Regulation

Through the following laws and orders, the Federal Energy Regulatory Commission (FERC) has restructured the wholesale bulk electric industry.

Energy Policy Act of 1992

Provided FERC with more authority over the wholesale bulk electric industry and further opened access to the utility market. One of the provisions of this Act amended the Federal Power Act to allow any wholesale generator to request that the FERC order a utility to provide transmission service. This act also established new requirements and programs to increase energy efficiency, promoted the use of solar and renewable energy, and overhauled nuclear plant licensing procedures.

Regional Transmission Groups

In 1993, FERC issued a Policy Statement regarding Regional Transmission Groups (RTGs). The purpose of RTGs was to coordinate transmission planning and expansion on a regional and interregional basis and to facilitate the resolution of disputes over the services. FERC's intent was to encourage agreements between transmission providers, thus avoiding or reducing the need for potentially time-consuming and expensive litigation before FERC. A few RTGs were established as a result of this statement.

FERC Orders 888 and 889

Issued in 1996, these Orders established the rules regarding opening the wholesale bulk electric system to competition. The Orders require FERC-jurisdictional utilities (private utilities, power marketers, power pools, power exchanges, and independent system operators) to file non-discriminatory open access transmission tariffs and to offer comparable transmission services to eligible third parties. This Order also required that an open access same-time information system (OASIS) be developed that allows simultaneous transmission information to be available to all industry participants selling power. OASIS is an electronic information system - electronic bulletin board - that allows users to receive data on the current operating status and transmission capacity of a transmission provider. Information found on OASIS may include: availability of transmission services, current outage information, requests for transmission service and load flow data. The Orders also required utilities to separate the transmission from generating and marketing functions and communications.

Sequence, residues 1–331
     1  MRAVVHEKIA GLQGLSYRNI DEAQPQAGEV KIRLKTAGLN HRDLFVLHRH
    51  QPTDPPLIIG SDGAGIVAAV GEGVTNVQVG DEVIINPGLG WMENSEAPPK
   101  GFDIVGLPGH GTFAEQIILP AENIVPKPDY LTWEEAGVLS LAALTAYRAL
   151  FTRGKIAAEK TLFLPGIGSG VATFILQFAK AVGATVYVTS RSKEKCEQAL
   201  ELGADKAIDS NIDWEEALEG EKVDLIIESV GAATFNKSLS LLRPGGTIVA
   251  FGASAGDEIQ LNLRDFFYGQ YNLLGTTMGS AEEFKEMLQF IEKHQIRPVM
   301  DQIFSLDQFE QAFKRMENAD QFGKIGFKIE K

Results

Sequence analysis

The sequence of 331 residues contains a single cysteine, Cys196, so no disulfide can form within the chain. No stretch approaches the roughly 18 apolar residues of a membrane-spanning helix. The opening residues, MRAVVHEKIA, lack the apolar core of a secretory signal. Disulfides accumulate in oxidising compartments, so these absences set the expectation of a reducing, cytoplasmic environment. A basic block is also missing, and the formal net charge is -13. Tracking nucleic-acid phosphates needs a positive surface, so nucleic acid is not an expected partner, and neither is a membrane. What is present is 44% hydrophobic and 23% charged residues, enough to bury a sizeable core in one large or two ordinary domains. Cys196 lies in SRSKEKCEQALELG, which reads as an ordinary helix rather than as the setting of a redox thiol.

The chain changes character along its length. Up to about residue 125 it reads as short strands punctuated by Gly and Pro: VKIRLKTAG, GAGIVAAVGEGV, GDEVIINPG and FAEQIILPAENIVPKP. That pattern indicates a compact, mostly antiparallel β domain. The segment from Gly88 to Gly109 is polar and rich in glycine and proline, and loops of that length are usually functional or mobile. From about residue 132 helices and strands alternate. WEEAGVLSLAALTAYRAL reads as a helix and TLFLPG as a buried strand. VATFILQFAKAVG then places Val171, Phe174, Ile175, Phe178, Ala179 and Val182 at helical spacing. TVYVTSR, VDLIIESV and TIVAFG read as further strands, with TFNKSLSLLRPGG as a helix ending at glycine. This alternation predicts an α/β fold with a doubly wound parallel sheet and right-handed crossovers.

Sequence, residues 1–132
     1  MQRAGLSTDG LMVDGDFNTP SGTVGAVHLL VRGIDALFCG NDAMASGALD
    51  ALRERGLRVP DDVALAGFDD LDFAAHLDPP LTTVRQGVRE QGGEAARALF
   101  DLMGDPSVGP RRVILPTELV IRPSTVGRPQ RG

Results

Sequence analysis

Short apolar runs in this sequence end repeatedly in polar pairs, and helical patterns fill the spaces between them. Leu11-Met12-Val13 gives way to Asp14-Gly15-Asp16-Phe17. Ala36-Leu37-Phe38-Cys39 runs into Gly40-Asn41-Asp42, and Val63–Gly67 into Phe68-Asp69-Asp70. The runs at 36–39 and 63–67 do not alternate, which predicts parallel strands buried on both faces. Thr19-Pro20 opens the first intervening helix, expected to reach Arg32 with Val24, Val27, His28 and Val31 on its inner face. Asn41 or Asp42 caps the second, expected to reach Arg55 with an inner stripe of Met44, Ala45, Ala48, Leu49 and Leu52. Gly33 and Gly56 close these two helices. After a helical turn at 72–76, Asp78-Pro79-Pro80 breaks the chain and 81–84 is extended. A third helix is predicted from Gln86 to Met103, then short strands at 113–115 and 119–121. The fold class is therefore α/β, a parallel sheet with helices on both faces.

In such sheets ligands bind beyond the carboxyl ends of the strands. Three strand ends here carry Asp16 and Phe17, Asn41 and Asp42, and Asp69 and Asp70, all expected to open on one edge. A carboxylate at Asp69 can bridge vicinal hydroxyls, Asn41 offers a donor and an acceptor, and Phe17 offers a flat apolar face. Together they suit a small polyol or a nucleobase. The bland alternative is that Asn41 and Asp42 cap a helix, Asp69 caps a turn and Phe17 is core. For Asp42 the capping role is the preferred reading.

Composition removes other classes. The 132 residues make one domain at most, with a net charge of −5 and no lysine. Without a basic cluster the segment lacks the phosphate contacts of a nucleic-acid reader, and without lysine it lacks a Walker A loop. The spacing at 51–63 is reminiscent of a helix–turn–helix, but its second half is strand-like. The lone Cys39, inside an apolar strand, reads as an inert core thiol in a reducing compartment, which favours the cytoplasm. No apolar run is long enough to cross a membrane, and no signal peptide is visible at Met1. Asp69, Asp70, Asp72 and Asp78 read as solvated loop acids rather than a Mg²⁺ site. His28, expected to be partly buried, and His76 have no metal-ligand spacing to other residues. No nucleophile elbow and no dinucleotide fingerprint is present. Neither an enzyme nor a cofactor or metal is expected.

Energy Policy Act of 2005

The Energy Policy Act of 2005, signed into law by President George W. Bush on Aug. 8, 2005, contains comprehensive revision and expansion of provisions in the original Energy Policy Act of 1992. The new policies and programs of EPAct 2005 are aimed at enhancing and improving America's energy resources and infrastructure with incentives for the energy industry to pursue clean coal technology, renewables and conservation. It also addresses the nation's electricity transmission capability and reliability.

FERC Order 890

The FERC adopted a final rule Feb. 15, 2007 to reform the 1996 Open Access orders 888 and 889 to ensure transmission access is provided in a non-discriminatory basis, as well as provide for more effective regulation and transparency in the operation of the transmission grid. The rule is supposed to:

  • increase non-discriminatory access to the grid by eliminating the wide discretion that transmission providers have in calculating available transfer capability.
  • increase the ability of customers to access new generating resources by requiring an open, transparent and coordinated transmission planning process.
  • increase efficient use of transmission by eliminating artificial barriers to use of the grid.
  • facilitate the use of and access to clean energy resources, such as wind power, and
  • strengthen compliance and enforcement efforts.

FERC Order 2000

Issued in 1999, this Order states that FERC-jurisdictional transmission owners are expected to join a Regional Transmission Organization on a voluntary basis. An RTO and its members can modify the RTOs structure, geographic scope, market support and operations to meet market needs.

According to FERC Order 2000, RTOs must embrace four core characteristics and eight key functions. Functions include:

  • tariff administration and design
  • congestion management
  • parallel path flows
  • ancillary services
  • OASIS and capability calculations
  • market monitoring
  • planning and expansion
  • interregional coordination

The four characteristics include: independence, scope/regional configuration, operational authority, and short-term reliability.